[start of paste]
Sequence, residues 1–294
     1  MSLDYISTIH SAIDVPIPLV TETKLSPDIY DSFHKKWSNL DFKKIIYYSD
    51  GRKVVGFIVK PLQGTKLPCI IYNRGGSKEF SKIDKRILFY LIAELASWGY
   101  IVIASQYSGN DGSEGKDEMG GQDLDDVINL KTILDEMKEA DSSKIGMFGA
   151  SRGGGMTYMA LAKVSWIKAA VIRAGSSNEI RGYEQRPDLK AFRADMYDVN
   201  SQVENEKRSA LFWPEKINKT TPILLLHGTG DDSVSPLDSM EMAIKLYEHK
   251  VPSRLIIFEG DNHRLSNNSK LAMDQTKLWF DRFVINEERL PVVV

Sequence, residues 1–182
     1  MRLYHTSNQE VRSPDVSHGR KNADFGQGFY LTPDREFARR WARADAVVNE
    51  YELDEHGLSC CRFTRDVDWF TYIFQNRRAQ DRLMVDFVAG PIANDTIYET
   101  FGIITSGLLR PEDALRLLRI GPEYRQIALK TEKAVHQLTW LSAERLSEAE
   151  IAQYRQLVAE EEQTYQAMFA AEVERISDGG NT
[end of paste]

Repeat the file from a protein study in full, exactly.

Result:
Sequence, residues 1–294
     1  MSLDYISTIH SAIDVPIPLV TETKLSPDIY DSFHKKWSNL DFKKIIYYSD
    51  GRKVVGFIVK PLQGTKLPCI IYNRGGSKEF SKIDKRILFY LIAELASWGY
   101  IVIASQYSGN DGSEGKDEMG GQDLDDVINL KTILDEMKEA DSSKIGMFGA
   151  SRGGGMTYMA LAKVSWIKAA VIRAGSSNEI RGYEQRPDLK AFRADMYDVN
   201  SQVENEKRSA LFWPEKINKT TPILLLHGTG DDSVSPLDSM EMAIKLYEHK
   251  VPSRLIIFEG DNHRLSNNSK LAMDQTKLWF DRFVINEERL PVVV

Sequence, residues 1–182
     1  MRLYHTSNQE VRSPDVSHGR KNADFGQGFY LTPDREFARR WARADAVVNE
    51  YELDEHGLSC CRFTRDVDWF TYIFQNRRAQ DRLMVDFVAG PIANDTIYET
   101  FGIITSGLLR PEDALRLLRI GPEYRQIALK TEKAVHQLTW LSAERLSEAE
   151  IAQYRQLVAE EEQTYQAMFA AEVERISDGG NT